Lars Heidenreich '17
IMS recently sat down with Lars Heidenreich ’17, a student at Elon University and recent winner of the WillowTreeForGood entrepreneurship competition.
IMS: Your app, StayFull, recently won the WillowTreeForGood competition. Can you explain the purpose of the app?
LH: StayFull is a platform that hopes to change the way people interact with food assistance. It’s intended to be a library, essentially, of information regarding food pantries, soup kitchens, and any organization that offers food resources to people in the Raleigh/Durham/Chapel Hill area, where I attend Elon University right now. When you log in, you’re immediately sent to a map with every food resource in your area. You can also search for specific keywords, receive push notifications about local events, or filter based on resource preferences and your availability to access resources.
IMS: Can you describe the competition process?
LH: I applied to enter into the competition, was accepted, and was assigned onto a team. From there, we had six weeks to work with mentors and come up with an idea. We pitched half-way through the first round and won against 10 teams. Three weeks later, we pitched again and won. And now we have 10 weeks to actually build the app.
IMS: How did you come up with the idea for StayFull?
LH: We did a lot of research into the area around us. We could’ve tried to solve any issue, anywhere, but decided that helping people in our immediate area would be more impactful. We recognized that food insecurity was a large issue, and held eighteen separate interviews with people who are running organizations, volunteers helping out on the ground level, and people who are facing food insecurity directly. We understand that we can’t completely solve food insecurity, and we can’t bring food to everyone’s hands. But we can do our best to help solve a small sliver of this pie.
IMS: What was the interview process like?
LH: There were times when it was a little difficult, to be honest. Food insecurity can be a vulnerable subject. It’s understandably hard to talk about, and we had to be as sincere as possible. But everyone in this area trying to provide food resources is trying to collaborate, to work together to resolve these issues and lower barriers.
IMS: So your app will be accessible to the public by the end of the summer?
LH: Yes! It’s exciting. Right now, my team and I are working with full-time employees of WillowTree, most of whom hopped in because they’re personally interested in seeing this come to fruition. It’s been amazing to work with people who are so passionate and good at what they do. We’ve been continuously refining the app, while also trying to take into account what we can realistically make within the scope of ten weeks. We have meetings about literally everything! There’s no conversation too inane for this process; we break everything down to its most granular level.
IMS: Would you consider yourself a granular-level- detail person?
LH: I used to not be! But after this experience, I am. I’ve learned to think on that level. It makes it easier to create effective game plans, and forces you to develop a clearer vision of what you’re working towards.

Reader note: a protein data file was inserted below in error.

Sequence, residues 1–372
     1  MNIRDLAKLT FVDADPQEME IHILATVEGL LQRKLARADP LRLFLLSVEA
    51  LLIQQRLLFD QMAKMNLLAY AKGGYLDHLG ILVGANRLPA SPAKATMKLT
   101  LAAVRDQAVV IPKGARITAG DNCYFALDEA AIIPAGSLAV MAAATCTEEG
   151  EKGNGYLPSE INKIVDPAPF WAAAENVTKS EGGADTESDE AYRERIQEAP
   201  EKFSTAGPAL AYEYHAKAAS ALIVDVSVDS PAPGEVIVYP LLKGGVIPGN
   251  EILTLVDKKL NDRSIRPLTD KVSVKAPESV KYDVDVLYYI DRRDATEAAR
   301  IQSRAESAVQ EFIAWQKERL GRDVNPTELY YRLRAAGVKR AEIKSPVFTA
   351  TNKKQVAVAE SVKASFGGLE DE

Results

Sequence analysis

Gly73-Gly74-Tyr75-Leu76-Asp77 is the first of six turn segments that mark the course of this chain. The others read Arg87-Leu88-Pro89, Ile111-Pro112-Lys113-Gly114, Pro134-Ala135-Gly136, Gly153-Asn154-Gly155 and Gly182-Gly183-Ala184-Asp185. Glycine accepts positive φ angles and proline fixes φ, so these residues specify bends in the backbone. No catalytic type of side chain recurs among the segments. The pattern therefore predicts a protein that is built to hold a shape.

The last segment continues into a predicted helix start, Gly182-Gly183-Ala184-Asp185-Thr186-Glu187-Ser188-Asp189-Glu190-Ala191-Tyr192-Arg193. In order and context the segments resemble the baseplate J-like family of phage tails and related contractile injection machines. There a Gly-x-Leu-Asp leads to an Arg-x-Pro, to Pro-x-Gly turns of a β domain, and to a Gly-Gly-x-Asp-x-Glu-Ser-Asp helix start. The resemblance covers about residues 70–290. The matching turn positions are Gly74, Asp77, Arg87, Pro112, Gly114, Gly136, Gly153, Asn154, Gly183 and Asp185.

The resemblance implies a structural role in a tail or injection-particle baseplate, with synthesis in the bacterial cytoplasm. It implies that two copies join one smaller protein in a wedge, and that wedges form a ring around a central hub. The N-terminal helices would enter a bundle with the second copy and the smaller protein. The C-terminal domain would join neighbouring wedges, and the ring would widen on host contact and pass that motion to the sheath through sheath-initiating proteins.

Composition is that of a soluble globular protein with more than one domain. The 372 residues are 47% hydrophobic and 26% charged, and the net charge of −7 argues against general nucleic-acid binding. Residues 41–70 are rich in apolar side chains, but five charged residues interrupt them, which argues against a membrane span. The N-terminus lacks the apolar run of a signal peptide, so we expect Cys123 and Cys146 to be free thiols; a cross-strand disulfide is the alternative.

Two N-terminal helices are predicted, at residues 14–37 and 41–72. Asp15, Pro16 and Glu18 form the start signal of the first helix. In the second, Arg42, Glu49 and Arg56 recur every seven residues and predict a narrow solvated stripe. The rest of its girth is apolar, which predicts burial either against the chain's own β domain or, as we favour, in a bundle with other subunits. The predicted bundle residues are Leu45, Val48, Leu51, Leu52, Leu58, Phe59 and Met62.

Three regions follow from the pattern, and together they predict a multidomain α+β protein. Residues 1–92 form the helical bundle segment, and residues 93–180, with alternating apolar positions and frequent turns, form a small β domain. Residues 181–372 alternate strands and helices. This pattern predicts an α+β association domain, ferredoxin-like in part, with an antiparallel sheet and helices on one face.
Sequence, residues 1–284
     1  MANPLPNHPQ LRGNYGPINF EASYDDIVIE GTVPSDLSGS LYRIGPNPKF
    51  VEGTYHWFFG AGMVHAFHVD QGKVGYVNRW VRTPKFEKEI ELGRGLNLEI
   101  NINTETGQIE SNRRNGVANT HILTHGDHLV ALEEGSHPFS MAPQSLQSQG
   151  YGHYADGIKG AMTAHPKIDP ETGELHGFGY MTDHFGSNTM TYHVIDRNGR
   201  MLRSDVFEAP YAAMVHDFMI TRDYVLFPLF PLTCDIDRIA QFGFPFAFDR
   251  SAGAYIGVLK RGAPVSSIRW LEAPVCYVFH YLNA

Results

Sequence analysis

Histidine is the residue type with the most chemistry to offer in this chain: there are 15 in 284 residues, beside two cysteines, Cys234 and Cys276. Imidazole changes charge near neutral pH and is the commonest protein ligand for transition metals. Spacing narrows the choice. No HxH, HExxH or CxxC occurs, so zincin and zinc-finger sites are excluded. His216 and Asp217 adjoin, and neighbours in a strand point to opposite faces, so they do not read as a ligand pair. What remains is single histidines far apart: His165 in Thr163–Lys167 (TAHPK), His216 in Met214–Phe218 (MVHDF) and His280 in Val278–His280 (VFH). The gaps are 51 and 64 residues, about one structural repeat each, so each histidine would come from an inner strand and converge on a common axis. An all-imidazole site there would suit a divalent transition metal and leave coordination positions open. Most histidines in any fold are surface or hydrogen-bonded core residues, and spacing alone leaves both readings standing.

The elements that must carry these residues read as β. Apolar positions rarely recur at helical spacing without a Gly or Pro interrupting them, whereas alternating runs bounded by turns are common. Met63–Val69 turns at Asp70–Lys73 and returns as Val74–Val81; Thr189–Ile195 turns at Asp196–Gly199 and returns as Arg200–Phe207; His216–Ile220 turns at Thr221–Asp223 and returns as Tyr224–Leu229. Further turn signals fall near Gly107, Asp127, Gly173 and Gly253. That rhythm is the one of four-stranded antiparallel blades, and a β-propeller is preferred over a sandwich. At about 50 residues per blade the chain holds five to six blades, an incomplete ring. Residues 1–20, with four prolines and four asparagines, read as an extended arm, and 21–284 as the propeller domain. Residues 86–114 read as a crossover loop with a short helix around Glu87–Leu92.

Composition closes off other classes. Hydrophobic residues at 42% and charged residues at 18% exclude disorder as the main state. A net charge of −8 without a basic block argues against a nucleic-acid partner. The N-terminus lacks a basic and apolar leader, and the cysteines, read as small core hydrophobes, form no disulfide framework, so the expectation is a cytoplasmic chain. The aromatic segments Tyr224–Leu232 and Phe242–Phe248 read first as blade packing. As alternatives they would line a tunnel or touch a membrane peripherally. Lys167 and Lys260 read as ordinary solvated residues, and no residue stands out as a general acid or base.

IMS: What was your first experience with entrepreneurship?
LH: I was in my calc class during the winter term of my freshman year, talking about investing with one of my friends. He said he wanted to fundraise to rebuild a school in Costa Rica. We started shooting ideas back and forth. Then we began asking questions. What are some ways that we could generate revenue? How could we do something meaningful for both the school in Costa Rica and our college campus? My friend’s entire extended family works in the agricultural industry in Costa Rica. Many of them trade organic, high quality coffee. I realized that if we could purchase their coffee for a discounted price, bring it to the states, and sell it, we could take advantage of the excess margin and then give it to the school. We founded a start-up, Philantropic, and did a lot of retail, going to coffee shops and cafes and setting up stands, asking people to try our coffee and listen to our story. It was a really rewarding experience.
IMS: Asking questions seems like an important part of your perspective on service. Is there anything else you like to keep in mind when thinking about helping others?
LH: Getting to know people and appreciating their story is a huge part of helping people. You can’t just go around offering help without understanding where others are coming from. But I’ve gotta give the credit where it’s due: my grandmother. My grandmother and my mother were both born in Romania and left to come to the US. They were very poor, but very resourceful. They built a life for themselves here. My grandmother would always tell me how lucky I am to have the opportunities that I have, and she would always tell me to love unconditionally, even in the face of hate.
IMS: Any favorite memories from your time at IMS that you’d like to share?
LH: I was headmaster for a day! I had so much fun. Not because I was necessarily leading the school, but because I just walked around and talked to people all day, especially students I didn’t know very well. A big part of me, which I realized during my time at IMS, is that I love getting to know people and I love hearing their stories. IMS taught me to be sincere in the connections that you make.
Interview conducted and written by Phoebe Mulder ’19